AMY GOODMAN: Rail advocates have long called for the United States to greatly increase its spending on the nation’s rail infrastructure. One recent study estimated $21 billion is needed to repair and replace existing rail assets in the Northeast Corridor.
To talk more about the accident, we’re joined by two guests. In Washington, D.C., Edward Wytkind is with us, the president of the Transportation Trades Department of the AFL-CIO, which represents two million transportation workers, including the vast majority of Amtrak workers. And in Denver, we’re joined by David Sirota, senior writer at the International Business Times. His recent piece is headlined “Lawmakers Moved to Delay Rail Safety Rule Weeks Before Philadelphia Derailment.”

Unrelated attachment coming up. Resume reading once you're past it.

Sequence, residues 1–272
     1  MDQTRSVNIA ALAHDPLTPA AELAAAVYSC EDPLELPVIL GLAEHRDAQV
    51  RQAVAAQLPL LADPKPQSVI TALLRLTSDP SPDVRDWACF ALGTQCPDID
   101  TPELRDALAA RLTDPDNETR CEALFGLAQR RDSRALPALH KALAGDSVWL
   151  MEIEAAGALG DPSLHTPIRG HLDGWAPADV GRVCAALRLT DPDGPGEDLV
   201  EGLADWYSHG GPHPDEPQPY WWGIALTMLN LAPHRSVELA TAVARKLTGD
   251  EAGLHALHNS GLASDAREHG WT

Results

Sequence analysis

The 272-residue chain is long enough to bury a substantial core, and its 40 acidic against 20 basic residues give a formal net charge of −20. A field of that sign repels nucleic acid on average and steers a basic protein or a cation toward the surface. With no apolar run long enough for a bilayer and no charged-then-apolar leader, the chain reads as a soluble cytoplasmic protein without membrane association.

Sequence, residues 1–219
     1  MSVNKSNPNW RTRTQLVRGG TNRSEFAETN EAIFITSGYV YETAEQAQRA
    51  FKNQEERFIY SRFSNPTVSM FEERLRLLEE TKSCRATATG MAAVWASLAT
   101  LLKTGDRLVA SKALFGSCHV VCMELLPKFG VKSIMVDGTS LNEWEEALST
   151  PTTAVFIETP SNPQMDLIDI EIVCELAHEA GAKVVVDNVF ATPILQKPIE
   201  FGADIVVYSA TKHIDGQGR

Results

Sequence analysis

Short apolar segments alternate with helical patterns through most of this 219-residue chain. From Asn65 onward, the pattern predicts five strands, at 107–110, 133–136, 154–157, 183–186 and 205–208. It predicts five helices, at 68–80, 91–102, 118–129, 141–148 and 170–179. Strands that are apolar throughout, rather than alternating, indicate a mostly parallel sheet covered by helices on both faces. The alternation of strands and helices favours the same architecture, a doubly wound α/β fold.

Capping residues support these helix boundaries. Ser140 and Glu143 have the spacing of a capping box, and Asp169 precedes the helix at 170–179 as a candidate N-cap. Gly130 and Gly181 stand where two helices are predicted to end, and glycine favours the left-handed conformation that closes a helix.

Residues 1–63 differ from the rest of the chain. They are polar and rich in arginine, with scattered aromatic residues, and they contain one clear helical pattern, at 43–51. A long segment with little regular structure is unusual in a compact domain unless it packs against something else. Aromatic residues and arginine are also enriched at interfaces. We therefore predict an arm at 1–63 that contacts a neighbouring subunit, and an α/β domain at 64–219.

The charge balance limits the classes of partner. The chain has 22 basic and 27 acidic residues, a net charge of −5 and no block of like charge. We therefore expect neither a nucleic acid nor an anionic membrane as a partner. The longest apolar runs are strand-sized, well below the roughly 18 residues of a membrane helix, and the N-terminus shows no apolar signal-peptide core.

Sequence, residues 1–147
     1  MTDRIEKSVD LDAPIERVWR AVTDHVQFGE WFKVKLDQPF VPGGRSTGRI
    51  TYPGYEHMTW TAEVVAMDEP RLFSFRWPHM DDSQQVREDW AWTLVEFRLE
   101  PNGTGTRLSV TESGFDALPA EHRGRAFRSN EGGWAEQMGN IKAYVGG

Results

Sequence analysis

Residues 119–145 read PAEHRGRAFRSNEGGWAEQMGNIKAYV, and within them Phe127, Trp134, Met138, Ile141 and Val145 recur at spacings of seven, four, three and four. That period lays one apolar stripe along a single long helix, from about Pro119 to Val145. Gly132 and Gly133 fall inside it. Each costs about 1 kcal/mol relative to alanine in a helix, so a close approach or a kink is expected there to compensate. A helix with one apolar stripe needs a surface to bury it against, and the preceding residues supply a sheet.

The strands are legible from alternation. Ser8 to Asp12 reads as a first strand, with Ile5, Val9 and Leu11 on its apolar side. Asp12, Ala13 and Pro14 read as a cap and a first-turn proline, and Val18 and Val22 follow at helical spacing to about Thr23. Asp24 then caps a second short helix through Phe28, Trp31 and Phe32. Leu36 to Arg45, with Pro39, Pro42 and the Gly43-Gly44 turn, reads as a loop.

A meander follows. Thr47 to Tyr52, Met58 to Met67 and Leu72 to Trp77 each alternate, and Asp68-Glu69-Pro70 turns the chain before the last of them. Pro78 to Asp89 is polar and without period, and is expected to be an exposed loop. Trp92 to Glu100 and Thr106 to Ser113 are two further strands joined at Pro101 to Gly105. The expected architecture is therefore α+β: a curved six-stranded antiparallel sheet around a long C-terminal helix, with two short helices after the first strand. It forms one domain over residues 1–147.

We welcome you both to Democracy Now! David, let’s start with you on that piece, on the issue of safety. Everything is being made of the fact that that train, as it was making that turn, coming out of the Philadelphia train station—it was around three miles out of Philadelphia headed to New York—that it was going at 106 miles an hour, and it looks like, seconds before, it was reduced to something like 102 miles an hour—the media very much laying the blame on the engineer. Can you talk about what could have prevented this from happening?